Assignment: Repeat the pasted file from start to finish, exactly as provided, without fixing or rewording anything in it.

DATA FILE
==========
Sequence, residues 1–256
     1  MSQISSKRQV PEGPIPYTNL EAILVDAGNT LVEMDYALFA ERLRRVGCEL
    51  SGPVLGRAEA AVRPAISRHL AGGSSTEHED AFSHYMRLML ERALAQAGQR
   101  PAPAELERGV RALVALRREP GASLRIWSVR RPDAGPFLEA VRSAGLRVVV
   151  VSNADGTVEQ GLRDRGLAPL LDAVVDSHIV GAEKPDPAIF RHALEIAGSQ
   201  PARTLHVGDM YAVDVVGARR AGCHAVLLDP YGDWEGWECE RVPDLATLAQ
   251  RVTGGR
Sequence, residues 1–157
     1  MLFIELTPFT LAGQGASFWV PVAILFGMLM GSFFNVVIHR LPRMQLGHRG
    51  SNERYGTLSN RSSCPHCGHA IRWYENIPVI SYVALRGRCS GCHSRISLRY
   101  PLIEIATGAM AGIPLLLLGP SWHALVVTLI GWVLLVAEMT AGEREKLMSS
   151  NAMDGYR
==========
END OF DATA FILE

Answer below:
Sequence, residues 1–256
     1  MSQISSKRQV PEGPIPYTNL EAILVDAGNT LVEMDYALFA ERLRRVGCEL
    51  SGPVLGRAEA AVRPAISRHL AGGSSTEHED AFSHYMRLML ERALAQAGQR
   101  PAPAELERGV RALVALRREP GASLRIWSVR RPDAGPFLEA VRSAGLRVVV
   151  VSNADGTVEQ GLRDRGLAPL LDAVVDSHIV GAEKPDPAIF RHALEIAGSQ
   201  PARTLHVGDM YAVDVVGARR AGCHAVLLDP YGDWEGWECE RVPDLATLAQ
   251  RVTGGR
Sequence, residues 1–157
     1  MLFIELTPFT LAGQGASFWV PVAILFGMLM GSFFNVVIHR LPRMQLGHRG
    51  SNERYGTLSN RSSCPHCGHA IRWYENIPVI SYVALRGRCS GCHSRISLRY
   101  PLIEIATGAM AGIPLLLLGP SWHALVVTLI GWVLLVAEMT AGEREKLMSS
   151  NAMDGYR